Limerick initiative shortlisted for Red Cross humanitarian award

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The chambers' 2018 Sing Out With Strings event

THE Limerick-based Irish Chamber Orchestra initiative Sing Out With Strings has been shortlisted for an Innovation for Change award in the Irish Red Cross Humanitarian Awards 2021, which take place on November 28.

Now in its 13th year, the Irish Chamber Orchestra initiative Sing Out with Strings (SOWS) is a ground-breaking initiative that offers 300 schoolchildren the chance to learn music for free every week.

The programme, which is focused on the regeneration areas of Limerick, has seen over 1,000 children write their own songs and perform at events in prestigious venues and festivals around the county and beyond, making music an integral part of their lives.

Launched with seed funding from the University of Limerick in 2008, SOWS has been hailed as a model of social inclusion, giving thousands of children access to music education, and providing tangible, long-term benefits for participants, their families and the wider community.

The Innovation for Change award honours the “achievements of an individual or team who have had a humanitarian impact on society through innovation”.

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Pat Carey, Chair of the Irish Red Cross said: “It is important that we honour and recognise the crucial work that is being done by humanitarians and their ongoing contribution to Irish society, which serves as a powerful example to all of us. The Irish Red Cross Humanitarian Awards aim to celebrate these people and organisations, and highlight the amazing work
that they do.

“These awards are the highest honour given by the Irish Red Cross, in recognition of those who have dedicated their lives to exceptional humanitarian endeavours.”

Inspired by El Sistema, the Venezuelan model of music education, Sing Out With Strings provides pupils from Le Chéile National School, St Mary’s National School and Coláiste Nano Nagle Secondary School with free singing, songwriting, violin, viola, cello and double bass tuition, harnessing the power of music to develop pupils’ key skills, including concentration,
coordination, listening and teamwork.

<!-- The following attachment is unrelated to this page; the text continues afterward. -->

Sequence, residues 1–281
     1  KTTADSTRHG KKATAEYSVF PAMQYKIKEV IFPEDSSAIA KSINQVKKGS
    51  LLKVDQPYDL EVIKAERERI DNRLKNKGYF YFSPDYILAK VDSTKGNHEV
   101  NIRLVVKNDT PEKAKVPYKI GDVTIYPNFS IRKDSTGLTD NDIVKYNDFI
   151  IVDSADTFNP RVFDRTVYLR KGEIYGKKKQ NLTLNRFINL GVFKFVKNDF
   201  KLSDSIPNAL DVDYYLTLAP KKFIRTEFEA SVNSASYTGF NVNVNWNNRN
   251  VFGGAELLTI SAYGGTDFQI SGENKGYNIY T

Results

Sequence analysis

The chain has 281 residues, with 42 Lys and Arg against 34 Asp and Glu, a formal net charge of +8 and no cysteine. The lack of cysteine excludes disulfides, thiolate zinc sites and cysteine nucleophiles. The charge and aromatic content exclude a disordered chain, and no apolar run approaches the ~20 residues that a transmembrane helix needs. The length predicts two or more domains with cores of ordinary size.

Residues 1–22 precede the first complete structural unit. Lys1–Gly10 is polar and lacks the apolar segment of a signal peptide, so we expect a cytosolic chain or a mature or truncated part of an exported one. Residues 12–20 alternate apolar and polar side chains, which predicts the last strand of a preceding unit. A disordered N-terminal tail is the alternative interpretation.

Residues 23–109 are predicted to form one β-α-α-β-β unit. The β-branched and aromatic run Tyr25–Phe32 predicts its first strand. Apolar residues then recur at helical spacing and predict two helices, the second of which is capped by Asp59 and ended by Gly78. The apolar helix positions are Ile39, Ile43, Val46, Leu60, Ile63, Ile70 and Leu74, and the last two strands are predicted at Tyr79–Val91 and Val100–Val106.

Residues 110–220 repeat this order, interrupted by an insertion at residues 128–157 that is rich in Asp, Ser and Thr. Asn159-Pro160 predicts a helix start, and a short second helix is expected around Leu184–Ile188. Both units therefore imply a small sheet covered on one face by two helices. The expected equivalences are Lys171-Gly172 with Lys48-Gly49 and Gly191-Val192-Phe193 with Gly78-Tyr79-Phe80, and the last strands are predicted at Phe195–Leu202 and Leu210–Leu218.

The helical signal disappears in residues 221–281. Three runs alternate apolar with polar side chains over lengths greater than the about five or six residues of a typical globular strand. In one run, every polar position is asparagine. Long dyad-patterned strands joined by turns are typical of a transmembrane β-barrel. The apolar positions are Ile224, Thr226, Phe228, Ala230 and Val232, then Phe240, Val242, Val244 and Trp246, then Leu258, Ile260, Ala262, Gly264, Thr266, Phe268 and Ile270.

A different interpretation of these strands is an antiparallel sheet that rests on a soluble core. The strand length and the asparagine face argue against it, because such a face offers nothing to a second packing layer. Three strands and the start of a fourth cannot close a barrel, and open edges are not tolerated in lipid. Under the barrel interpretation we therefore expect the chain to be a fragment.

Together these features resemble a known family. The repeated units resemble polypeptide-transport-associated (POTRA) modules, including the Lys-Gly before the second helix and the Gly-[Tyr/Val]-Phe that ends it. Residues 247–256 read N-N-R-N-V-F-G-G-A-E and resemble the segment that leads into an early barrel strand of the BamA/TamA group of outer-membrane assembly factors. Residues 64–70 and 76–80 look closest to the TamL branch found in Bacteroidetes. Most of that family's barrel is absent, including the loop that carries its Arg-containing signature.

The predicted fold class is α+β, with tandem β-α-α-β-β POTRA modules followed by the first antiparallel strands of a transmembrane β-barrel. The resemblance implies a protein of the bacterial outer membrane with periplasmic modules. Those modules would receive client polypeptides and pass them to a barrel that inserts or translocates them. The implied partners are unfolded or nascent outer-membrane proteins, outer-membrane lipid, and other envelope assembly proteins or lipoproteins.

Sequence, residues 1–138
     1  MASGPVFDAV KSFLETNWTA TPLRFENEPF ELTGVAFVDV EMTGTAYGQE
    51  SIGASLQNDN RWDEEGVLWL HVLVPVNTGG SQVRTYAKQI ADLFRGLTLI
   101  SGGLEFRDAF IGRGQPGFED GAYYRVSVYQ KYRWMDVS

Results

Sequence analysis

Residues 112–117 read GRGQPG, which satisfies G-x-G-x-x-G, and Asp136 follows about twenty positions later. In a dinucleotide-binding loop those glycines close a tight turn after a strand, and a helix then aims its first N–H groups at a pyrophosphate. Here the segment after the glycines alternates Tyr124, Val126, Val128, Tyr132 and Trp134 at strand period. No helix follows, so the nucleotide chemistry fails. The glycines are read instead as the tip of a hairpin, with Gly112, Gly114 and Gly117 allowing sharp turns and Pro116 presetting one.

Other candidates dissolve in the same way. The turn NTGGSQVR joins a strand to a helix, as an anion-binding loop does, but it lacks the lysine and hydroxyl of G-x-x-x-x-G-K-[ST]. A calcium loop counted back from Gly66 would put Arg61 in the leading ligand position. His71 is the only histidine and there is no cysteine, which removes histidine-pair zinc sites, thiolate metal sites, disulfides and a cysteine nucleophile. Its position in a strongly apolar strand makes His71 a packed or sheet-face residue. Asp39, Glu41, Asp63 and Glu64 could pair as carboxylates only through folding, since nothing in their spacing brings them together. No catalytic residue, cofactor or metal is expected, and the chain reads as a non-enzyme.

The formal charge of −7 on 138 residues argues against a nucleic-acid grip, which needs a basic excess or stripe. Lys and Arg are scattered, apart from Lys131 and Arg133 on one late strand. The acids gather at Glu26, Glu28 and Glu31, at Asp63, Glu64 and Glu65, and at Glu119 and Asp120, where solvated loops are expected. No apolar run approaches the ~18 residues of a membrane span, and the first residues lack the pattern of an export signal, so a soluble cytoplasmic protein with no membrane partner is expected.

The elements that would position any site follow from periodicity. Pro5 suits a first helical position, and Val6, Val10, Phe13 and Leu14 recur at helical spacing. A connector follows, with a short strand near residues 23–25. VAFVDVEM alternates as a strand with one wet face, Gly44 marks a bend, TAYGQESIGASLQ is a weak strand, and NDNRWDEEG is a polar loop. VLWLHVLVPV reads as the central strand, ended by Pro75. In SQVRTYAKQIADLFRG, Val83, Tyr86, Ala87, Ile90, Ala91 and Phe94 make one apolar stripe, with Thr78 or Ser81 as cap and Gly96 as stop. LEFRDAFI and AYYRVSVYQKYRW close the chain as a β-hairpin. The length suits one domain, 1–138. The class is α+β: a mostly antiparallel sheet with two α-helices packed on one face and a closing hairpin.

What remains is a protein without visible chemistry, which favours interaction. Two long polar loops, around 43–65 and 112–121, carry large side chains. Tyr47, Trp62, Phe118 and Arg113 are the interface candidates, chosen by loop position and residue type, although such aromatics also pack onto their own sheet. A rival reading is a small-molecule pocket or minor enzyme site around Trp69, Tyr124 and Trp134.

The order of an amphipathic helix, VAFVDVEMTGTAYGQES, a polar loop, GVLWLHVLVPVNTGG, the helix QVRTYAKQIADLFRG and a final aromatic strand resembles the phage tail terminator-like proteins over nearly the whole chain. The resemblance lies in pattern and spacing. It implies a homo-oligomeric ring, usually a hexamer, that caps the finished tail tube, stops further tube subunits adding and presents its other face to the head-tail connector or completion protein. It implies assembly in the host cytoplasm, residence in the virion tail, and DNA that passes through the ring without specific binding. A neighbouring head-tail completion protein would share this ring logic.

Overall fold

In 2018, nine students from SOWS took part in the Sistema European Youth Orchestra summer camp, performing at London’s Royal Festival Hall and Bournmouth Symphony Hall with violinist Nicola Benedetti.

Many former pupils have gone on to join orchestral groups, win medals in competitions, achieve high marks in RIAM exams, or study music at Junior Cert level.

The scheme is a cornerstone of the ICO’s Community Outreach programme, attracting local and national recognition.

With the support of our many generous patrons including the JP McManus Benevolent fund, the scheme has expanded to include holiday sessions, summer camps, choirs and trips.

In 2016, thanks to the Musical Capital Scheme, SOWS was able to offer entrance to the Royal Irish Academy of Music Cara Award exams for all 5th class children.

In 2017, SOWS expanded to support children playing string instruments at secondary level. In 2020, Sing Out with Strings delivered over 100 hours of free instrumental tuition. The success of the project has inspired the Irish Chamber Orchestra to set up the Irish Chamber Youth Orchestra, which provides aspiring musicians aged 12 to 18 with the support they need to grow.

“I love Sing Out with Strings. It’s a place where we not only come together to play the violin, but we learn to express our feelings together. You don’t know what you’ll learn next and that’s exciting,” says 6th class student Meagan.

The prestigious annual Irish Red Cross Humanitarian honour nominated finalists across six categories. The awards recognise those who have had a humanitarian impact on the lives of others through volunteering, storytelling, skill sharing or fundraising and highlight the efforts of those who have given a voice to humanitarian issues. The work of the Irish Red Cross in Ireland, which was established in 1939, helps the most vulnerable people in Irish society.

The shortlist of finalists for the 2021 awards, which have been announced ahead of the live award ceremony on Sunday November 28, are the following:

–  Humanitarian of the Year: Ken Gibson, Tammy Darcy, Rory Halpin.

– Young Humanitarian: Saoi O’Connor, Harry Nolan, Joshua Deegan. Special mention: Zoey Coffey.

– Innovation for Change Award: Teen-Turn, The Shona Project, Sing Out With Strings.

– Digital Influence: Digital Charity Lab, The Shona Project, Fionnula Jones.

– Journalism Excellence: Felipe Lopes, Noteworthy.ie – Maria Delaney and Michelle Hennessy, Donal O’Keeffe. Special mention: Katie Hannon.

– Corporate Impact Award: Hotel Doolin – Green Team Programme.

With almost 3,000 volunteers and 78 branches across all 26 counties in the Republic, the Irish Red Cross provides a wide range of services including First Aid (delivery and training), Youth Services, Community Support, Emergency Relief (floods & extreme weather), Migration, Lake & Mountain Rescue; and Prison programmes.

To date, during the Covid-19 pandemic, the Irish Red Cross has delivered almost 15,000 food deliveries to isolated and vulnerable households and individuals, many in isolated rural locations. To assist the national ambulance service during the pandemic, the Irish Red Cross ambulance units have made approximately 1,000 patient transfers since March 2020 for patients requiring chemotherapy or dialysis appointments, as well as older people in need of GP or dental appointments.